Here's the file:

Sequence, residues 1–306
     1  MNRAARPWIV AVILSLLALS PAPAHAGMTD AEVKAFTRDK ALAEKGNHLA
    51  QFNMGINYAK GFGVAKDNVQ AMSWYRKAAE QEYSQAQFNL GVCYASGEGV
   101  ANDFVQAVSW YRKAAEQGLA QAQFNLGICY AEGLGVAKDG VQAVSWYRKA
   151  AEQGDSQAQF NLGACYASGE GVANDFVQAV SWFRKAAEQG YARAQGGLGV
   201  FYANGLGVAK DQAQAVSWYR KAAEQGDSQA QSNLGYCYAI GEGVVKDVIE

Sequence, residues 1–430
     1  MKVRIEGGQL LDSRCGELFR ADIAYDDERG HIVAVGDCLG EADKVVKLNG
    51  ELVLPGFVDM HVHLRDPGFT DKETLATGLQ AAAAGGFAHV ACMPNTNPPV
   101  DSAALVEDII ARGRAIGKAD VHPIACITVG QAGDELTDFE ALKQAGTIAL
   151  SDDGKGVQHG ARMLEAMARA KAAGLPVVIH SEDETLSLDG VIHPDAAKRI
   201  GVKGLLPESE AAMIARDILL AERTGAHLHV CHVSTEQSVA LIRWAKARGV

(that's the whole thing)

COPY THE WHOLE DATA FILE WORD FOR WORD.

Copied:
Sequence, residues 1–306
     1  MNRAARPWIV AVILSLLALS PAPAHAGMTD AEVKAFTRDK ALAEKGNHLA
    51  QFNMGINYAK GFGVAKDNVQ AMSWYRKAAE QEYSQAQFNL GVCYASGEGV
   101  ANDFVQAVSW YRKAAEQGLA QAQFNLGICY AEGLGVAKDG VQAVSWYRKA
   151  AEQGDSQAQF NLGACYASGE GVANDFVQAV SWFRKAAEQG YARAQGGLGV
   201  FYANGLGVAK DQAQAVSWYR KAAEQGDSQA QSNLGYCYAI GEGVVKDVIE

Sequence, residues 1–430
     1  MKVRIEGGQL LDSRCGELFR ADIAYDDERG HIVAVGDCLG EADKVVKLNG
    51  ELVLPGFVDM HVHLRDPGFT DKETLATGLQ AAAAGGFAHV ACMPNTNPPV
   101  DSAALVEDII ARGRAIGKAD VHPIACITVG QAGDELTDFE ALKQAGTIAL
   151  SDDGKGVQHG ARMLEAMARA KAAGLPVVIH SEDETLSLDG VIHPDAAKRI
   201  GVKGLLPESE AAMIARDILL AERTGAHLHV CHVSTEQSVA LIRWAKARGV